Thursday, 17 July 2008

We’re all Junkies

I want you to try something. See if you can go for two whole days without consuming any sugar. Sound easy? I guess it depends what you think I mean by sugar.

For the purposes of this challenge, sugar means ‘refined sugar’ – the stuff that comes in white or brown granules and has been created in a factory from sugar cane or sugar beet; but you can’t just stop putting sugar in your coffee for a couple of days and pass the test - you must also forgo any food which has ‘sugar’ on the ingredients list.

Before I go any further there is another distinction it’s very important to make, one which many people are not clear on. ‘Sugar’ is not the same as ‘sugars’. The nutritional listing on food packaging will often break down the Carbohydrate component further by stating ‘of which sugars’ and giving a value. Sugars are a family of substances naturally occurring in food that could also be called ‘Simple Carbohydrates’. Examples of sugars are glucose and fructose, which commonly exist together in varying proportions in fruit. Since the word ‘Sugar’ is the singular of ‘sugars’, it would be appropriate to refer to fructose as ‘a sugar’. However, the word ‘Sugar’ when not preceded by the word ‘a’ typically refers to a particular form of sugar that is produced in a refinery and therefore should more properly be named ‘refined sugar’.

So when you see ‘Sugar’ on the ingredients list, this means ‘refined sugar’ and is therefore out of bounds for the challenge. If, on the other hand, it is absent from the ingredients list, yet the phrase ‘of which sugars’ appears in the nutritional breakdown, the food or drink is consumable within the rules.

One more thing – if you were planning on eating out on one of your two days, your challenge just got a whole lot harder. Few chefs take kindly to being quizzed about the sugar content of their sauces and even fewer have many dishes on their menu that does not contain any.

If you take up my challenge, I anticipate your experience will have two key components – first the inconvenience of having to find foods devoid of sugar; and second, the craving for sugar. Many of you will fail, others will succeed ruefully. Only a few, if any, will pass the challenge with ease.

For advanced challenge-seekers, the next phase would be to go for a few weeks without sugar, instead seeking alternative snacks and ways to cook without it. You would explore the sweet flavours derived from naturally occurring foods, finding that after a while your palate adjusts to these new foods and you can enjoy them in their own right. In spite of getting used to the natural foods you’d probably still find yourself craving the profound sweetness of refined sugar during those few weeks; and yet if you returned to sugar, the first time you had it you’d be surprised by how intensely sweet it tastes.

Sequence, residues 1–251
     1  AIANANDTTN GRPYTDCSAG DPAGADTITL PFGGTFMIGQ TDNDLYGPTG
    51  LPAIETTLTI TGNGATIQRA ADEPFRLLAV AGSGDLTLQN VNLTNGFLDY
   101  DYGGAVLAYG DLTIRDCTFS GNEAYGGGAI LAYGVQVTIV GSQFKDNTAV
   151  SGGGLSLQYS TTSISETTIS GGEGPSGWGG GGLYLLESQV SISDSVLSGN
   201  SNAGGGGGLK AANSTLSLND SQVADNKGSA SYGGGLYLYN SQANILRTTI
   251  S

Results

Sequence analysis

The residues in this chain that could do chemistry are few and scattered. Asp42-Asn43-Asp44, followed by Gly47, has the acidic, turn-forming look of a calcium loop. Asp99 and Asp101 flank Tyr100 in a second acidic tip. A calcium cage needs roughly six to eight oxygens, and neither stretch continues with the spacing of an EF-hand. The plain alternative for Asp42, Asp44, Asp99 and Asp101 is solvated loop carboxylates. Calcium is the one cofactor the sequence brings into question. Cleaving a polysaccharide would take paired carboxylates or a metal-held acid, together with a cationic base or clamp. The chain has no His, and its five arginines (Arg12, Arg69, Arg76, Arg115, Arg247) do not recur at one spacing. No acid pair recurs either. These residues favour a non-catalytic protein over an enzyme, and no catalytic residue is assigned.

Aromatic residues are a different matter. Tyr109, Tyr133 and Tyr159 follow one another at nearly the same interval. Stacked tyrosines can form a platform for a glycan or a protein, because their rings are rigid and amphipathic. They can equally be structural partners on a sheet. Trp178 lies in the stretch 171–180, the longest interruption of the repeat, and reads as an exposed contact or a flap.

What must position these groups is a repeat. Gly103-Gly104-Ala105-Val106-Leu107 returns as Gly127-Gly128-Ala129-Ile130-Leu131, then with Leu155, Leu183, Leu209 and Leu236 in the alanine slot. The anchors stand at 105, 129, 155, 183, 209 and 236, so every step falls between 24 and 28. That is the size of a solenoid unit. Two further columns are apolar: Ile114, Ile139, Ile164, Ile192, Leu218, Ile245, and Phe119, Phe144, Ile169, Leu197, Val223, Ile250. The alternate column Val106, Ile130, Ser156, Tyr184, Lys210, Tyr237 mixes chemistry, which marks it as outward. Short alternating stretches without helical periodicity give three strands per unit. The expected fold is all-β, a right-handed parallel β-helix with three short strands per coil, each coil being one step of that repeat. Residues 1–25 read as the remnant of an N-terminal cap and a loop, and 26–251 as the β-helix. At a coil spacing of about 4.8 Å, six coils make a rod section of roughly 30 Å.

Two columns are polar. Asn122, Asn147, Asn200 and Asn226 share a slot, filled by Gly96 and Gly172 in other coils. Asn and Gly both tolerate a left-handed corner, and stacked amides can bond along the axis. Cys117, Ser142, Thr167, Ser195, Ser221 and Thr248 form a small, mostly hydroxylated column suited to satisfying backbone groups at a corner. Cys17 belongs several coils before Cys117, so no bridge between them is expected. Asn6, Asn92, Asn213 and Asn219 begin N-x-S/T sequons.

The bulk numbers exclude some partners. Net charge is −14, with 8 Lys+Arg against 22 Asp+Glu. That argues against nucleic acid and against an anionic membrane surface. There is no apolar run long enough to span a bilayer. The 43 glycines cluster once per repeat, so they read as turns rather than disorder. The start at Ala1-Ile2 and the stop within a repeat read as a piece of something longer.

What does all this tell us?

First, that we are, in effect, addicted to sugar. Clearly addiction can be defined a number of ways depending on your standpoint and I don’t wish to get into quibbles about semantics; but for me the parallels to the characteristics of drug addiction are clear.

Second, that sugar is added to most prepared food, either by us or by someone else.

Okay, so maybe we are all addicted to sugar. We’re all addicted to water too, right? We’re addicted to food. Just because we like something and want it all the time, it does not necessarily make it a problem.

Well it does if that thing is bad for us – and sugar is indeed bad for us. I do not intend to back this statement up with references. There is plenty of discussion around the subject on the Internet, so if you doubt my assertion go to Google. In fact, go to Google anyway – don’t take my word for it. It’s important to be aware of the range of possible ill effects to appreciate the point I am making. I won’t pretend that there is no one out there who disagrees – but let’s face it, that is true of the moon landings and pretty much anything else you’d care to mention; but the fact is there is also a good deal of empirical evidence too. Make up your own mind and if you end up disagreeing, then for you this post ends here.

There are arguments to be developed around why regulatory bodies allow things that are bad for us to be put into foods, and the extent to which we should be allowed to eat what we want since it is only our own bodies that come to harm – but these issues are for other posts. Instead I want to leave you with a more philosophical perspective.

Former drug addicts often report that they never lose the sense that they are missing out – that the highs a drug-free life has to offer never quite match up to the highs they experienced on the drug. Presumably, they feel they would be in a better position had they never experienced the drug in the first place. There is a similar (although clearly less profound) response to the removal of sugar from a one’s diet – note that I base this solely on my experiences and those of people I know.